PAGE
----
Indirect impacts may also depend on changes that occur in programs and institutions as a result of the technological opportunities made available by the Internet. Indirect impacts can range from increased cost effectiveness of a small nongovernmental organization (NGO) to restructuring of an economy as a result of changes in the structures of comparative advantage induced by the Internet.
It is unlikely that all impacts of the Internet are or will be positive. Using television as a comparable technological innovation, some studies have concluded that TV is responsible for making violence more acceptable in U.S. society, for increased emphasis on consumerism, and for reducing literacy by substituting television viewing for reading as a pastime for large numbers of people. There is also growing concern about criminal activities, dubbed “cybercrime” by some, on the Internet. Any complete analytical framework for the Internet must provide for both positive and negative impacts. Moreover, any single stakeholder, be it an individual Internet user, development agency, or policymaker, will likely see both positive and negative impacts from Internet use and will have to balance those impacts according to his or her individual needs and expectations.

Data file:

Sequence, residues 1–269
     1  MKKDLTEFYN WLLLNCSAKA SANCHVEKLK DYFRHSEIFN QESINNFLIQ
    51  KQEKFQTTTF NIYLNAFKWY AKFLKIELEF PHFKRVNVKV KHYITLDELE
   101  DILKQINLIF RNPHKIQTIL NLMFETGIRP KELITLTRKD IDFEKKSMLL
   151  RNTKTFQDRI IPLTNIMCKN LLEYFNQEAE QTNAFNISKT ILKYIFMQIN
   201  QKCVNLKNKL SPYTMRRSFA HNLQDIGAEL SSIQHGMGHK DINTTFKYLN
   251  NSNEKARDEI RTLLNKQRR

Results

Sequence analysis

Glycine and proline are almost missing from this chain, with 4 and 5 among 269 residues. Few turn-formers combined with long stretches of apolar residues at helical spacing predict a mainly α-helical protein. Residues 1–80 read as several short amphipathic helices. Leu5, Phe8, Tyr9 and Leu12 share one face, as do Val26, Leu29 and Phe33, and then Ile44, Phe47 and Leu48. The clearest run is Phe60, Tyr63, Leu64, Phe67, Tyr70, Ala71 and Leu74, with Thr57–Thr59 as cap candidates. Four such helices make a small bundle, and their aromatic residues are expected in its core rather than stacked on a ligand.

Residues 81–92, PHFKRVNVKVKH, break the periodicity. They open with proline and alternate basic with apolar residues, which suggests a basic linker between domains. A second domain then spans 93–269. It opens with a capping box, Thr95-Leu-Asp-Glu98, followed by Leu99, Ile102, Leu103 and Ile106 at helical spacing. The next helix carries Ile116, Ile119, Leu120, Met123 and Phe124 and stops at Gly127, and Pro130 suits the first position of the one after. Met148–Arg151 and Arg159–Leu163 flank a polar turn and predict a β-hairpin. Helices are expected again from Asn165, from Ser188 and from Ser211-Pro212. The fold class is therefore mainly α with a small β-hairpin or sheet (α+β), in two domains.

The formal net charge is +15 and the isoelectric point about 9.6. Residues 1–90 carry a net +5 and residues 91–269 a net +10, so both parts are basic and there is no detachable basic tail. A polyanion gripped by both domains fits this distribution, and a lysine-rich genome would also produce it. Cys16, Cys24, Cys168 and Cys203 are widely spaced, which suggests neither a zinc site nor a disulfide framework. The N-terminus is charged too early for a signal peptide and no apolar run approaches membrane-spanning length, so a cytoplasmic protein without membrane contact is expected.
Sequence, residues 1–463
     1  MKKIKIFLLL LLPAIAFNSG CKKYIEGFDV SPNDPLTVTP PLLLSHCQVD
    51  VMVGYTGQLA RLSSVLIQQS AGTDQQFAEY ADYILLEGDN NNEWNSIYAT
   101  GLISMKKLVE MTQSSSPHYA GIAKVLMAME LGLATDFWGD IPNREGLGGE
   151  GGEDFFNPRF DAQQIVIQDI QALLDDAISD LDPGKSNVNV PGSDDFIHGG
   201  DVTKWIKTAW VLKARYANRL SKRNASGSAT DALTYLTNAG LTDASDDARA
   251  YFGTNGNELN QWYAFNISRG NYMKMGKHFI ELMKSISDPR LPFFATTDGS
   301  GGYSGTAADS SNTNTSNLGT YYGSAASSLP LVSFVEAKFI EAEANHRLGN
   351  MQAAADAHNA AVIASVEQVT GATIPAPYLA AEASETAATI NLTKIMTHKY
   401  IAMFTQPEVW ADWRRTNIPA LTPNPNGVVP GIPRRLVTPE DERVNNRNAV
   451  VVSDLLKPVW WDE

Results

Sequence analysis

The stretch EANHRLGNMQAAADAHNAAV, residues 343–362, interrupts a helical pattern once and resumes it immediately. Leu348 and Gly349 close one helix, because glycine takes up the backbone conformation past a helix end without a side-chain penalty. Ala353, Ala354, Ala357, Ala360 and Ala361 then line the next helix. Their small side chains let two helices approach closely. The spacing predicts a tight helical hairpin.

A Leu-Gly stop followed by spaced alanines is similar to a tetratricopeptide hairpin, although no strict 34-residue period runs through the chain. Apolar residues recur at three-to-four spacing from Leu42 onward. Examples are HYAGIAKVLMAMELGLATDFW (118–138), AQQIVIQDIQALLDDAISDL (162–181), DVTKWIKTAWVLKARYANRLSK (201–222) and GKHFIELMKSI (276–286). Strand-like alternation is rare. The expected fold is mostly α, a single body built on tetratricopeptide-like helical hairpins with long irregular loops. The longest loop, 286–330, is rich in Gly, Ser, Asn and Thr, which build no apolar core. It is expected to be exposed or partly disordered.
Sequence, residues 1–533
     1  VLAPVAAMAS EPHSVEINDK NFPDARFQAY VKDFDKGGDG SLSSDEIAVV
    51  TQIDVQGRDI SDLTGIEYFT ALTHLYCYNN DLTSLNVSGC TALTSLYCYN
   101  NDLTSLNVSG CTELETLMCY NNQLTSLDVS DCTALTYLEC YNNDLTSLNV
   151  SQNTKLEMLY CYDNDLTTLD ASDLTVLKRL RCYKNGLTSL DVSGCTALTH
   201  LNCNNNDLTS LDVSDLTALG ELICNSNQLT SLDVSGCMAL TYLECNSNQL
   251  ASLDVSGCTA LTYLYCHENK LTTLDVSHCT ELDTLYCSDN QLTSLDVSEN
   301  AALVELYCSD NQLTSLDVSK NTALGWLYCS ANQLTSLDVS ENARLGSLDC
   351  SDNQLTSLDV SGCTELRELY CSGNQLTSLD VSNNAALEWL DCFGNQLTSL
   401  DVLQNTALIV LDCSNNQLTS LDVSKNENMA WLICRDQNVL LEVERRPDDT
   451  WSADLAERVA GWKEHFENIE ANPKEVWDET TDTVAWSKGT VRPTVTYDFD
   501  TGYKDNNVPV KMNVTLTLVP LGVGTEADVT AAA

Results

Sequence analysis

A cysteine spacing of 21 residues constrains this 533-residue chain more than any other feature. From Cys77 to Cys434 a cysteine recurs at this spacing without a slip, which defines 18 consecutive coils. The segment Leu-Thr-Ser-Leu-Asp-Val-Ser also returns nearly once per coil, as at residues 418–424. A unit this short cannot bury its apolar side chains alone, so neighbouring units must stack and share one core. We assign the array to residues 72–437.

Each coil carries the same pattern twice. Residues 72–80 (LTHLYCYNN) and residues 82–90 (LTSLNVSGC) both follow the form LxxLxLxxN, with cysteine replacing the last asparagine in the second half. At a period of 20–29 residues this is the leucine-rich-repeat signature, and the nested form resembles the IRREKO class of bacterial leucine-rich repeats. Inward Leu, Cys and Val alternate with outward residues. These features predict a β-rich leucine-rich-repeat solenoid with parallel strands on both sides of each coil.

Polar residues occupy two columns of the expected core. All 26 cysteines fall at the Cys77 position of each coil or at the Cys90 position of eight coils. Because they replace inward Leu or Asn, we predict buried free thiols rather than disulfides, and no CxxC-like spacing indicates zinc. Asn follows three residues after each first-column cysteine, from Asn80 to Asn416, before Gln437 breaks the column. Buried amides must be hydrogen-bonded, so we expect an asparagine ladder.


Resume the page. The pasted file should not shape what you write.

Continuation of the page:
In addition to positive and negative impacts, one can distinguish between intended and unintended impacts of introduction and use of the Internet. These can be either positive or negative and depend on the perspective of the analysis. For example, decreased international communications costs, and hence decreased costs of sending data to another country, may be the positive impact an NGO desires upon acquiring Internet access; but when that NGO outsources analytical work that was previously done inhouse and incountry to analysts in another country, it is an unintended and negative impact from the perspective of a development agency striving to increase local employment and Internet experience.